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Computational infrastructure for cosmogenic-nuclide geochemistry

February 25, 2020

The point of this post is just to provide a link to an otherwise obscure document that is, nevertheless, interesting if you are (i) a cosmogenic-nuclide geochronologist, which is unusual already, and also (ii) a cosmogenic-nuclide geochronologist interested in data management and computational infrastructure, which is, to say the least, far beyond unusual. However, I am sure that if any such people do exist, they are probably readers of this blog, so this seemed like a good place to put it.

The document is here.

What it is is the project description section of a proposal submitted by myself and Ben Laabs (NDSU) to the NSF ‘Geoinformatics’ program in August, 2019.

Basically, the main idea of the proposal is to provide some support for the ICE-D database projects previously featured in this blog. Although presumably this proposal has now been reviewed, its funding status is unknown at the moment.

In any case, I think this document is interesting for several reasons, as follows:

  1. It contains the best and probably only intelligible description of what the ICE-D database project is supposed to be doing, and why it is set up the way it is. The ICE-D websites are otherwise nearly entirely without documentation. It’s not going to give you the details about exactly what is happening in the back end (and I apologize in advance for Figure 2), but it is a good overview of the purpose and context of the project that is not otherwise written down anywhere else.
  2. It contains some ideas on why the ICE-D project infrastructure is, potentially, a pretty good way to think about computational and data management infrastructure for geochemistry and geochronology.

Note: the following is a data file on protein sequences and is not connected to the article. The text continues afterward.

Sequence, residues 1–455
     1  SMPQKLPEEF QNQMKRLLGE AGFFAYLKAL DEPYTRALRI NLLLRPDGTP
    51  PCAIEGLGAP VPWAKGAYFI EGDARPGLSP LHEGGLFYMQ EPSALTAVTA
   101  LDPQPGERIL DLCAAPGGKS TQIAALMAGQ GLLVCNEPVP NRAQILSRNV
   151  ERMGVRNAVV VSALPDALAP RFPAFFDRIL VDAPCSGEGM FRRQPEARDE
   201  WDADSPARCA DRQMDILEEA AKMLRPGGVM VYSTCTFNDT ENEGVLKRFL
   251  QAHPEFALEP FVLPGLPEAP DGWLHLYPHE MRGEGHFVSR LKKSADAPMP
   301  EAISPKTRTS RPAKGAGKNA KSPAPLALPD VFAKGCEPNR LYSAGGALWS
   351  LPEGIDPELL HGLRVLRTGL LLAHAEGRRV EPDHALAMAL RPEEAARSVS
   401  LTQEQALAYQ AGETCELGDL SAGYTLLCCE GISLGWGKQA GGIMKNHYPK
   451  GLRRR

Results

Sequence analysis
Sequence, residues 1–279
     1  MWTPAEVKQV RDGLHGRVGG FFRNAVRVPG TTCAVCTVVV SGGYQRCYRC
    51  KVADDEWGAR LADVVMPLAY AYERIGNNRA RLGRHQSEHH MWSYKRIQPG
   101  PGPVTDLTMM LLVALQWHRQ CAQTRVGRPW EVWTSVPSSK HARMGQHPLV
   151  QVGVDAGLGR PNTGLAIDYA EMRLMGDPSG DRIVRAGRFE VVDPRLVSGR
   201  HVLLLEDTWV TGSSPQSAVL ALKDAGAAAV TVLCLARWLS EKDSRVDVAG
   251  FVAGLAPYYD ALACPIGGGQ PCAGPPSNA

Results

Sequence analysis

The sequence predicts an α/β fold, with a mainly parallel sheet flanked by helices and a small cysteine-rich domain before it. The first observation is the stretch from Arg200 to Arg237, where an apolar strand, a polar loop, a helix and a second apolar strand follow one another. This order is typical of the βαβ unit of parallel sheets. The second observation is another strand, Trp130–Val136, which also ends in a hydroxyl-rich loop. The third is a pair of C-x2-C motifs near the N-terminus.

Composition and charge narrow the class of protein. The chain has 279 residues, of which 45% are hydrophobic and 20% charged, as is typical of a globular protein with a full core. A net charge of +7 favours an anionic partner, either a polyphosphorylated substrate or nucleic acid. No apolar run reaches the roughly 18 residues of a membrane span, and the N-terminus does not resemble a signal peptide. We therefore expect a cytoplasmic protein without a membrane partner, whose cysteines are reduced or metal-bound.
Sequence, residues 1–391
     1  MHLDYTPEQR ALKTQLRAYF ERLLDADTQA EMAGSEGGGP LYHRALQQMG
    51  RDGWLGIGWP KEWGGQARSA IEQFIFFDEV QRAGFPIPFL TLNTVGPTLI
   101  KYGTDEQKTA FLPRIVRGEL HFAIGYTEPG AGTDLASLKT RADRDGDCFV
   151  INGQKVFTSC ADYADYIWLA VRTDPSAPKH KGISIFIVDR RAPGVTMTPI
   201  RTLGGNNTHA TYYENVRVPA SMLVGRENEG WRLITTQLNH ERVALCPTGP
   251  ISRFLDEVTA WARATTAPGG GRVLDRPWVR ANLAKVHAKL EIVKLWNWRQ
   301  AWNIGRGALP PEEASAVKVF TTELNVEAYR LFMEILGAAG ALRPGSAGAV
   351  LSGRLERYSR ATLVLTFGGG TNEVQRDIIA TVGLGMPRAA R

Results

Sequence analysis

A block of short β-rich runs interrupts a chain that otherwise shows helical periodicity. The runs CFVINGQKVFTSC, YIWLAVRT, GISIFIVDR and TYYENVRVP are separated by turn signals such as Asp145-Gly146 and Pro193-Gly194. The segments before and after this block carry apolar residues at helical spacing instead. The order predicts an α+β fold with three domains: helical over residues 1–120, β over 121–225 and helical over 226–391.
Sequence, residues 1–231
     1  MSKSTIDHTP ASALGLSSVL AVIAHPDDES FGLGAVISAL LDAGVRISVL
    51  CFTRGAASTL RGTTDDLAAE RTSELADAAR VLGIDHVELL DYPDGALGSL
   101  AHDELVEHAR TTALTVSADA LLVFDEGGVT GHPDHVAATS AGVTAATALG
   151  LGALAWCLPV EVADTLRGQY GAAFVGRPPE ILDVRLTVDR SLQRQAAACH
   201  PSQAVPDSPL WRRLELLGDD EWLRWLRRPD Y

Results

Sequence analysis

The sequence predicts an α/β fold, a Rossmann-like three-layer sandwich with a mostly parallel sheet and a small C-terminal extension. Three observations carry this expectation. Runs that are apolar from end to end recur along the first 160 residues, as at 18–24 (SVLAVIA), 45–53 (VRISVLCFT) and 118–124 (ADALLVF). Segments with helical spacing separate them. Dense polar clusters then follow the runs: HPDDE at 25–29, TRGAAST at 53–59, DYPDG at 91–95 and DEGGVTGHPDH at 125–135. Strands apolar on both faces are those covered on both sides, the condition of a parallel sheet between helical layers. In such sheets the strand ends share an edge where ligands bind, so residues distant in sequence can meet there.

3. It contains some decent ideas on what science applications we could use it for in the future.
  4. It introduces the phrase “transparent middle layer” to geochronology. Although this makes the whole thing sound like a terrible Silicon Valley venture-capital pitch — synergizing the enterprise cloud data ecosystem with a transparent middle layer — and I may regret it later, I think it is a good way to think about how geochronology data management should work if it is going to be useful for anything.
  5. It also contains a compact account of the historical development of the bits of computational infrastructure used for cosmogenic-nuclide geochemistry, in particular the various online exposure age calculators. Mainly because the production rate calculations needed to get from a nuclide concentration to an exposure age are such a mess, cosmogenic-nuclide geochemists were quite early adopters of cloud computing in the form of the online exposure age calculators. I think this is interesting.

On the other hand, it is a proposal, so there are also a lot of things in there that are just proposed and may never happen, and in addition it wildly overuses the word “synoptic.” But that part is really not too bad. In any case, if you plan to be involved in Earth science applications of cosmogenic-nuclide geochemistry in future, it is a potentially useful read.

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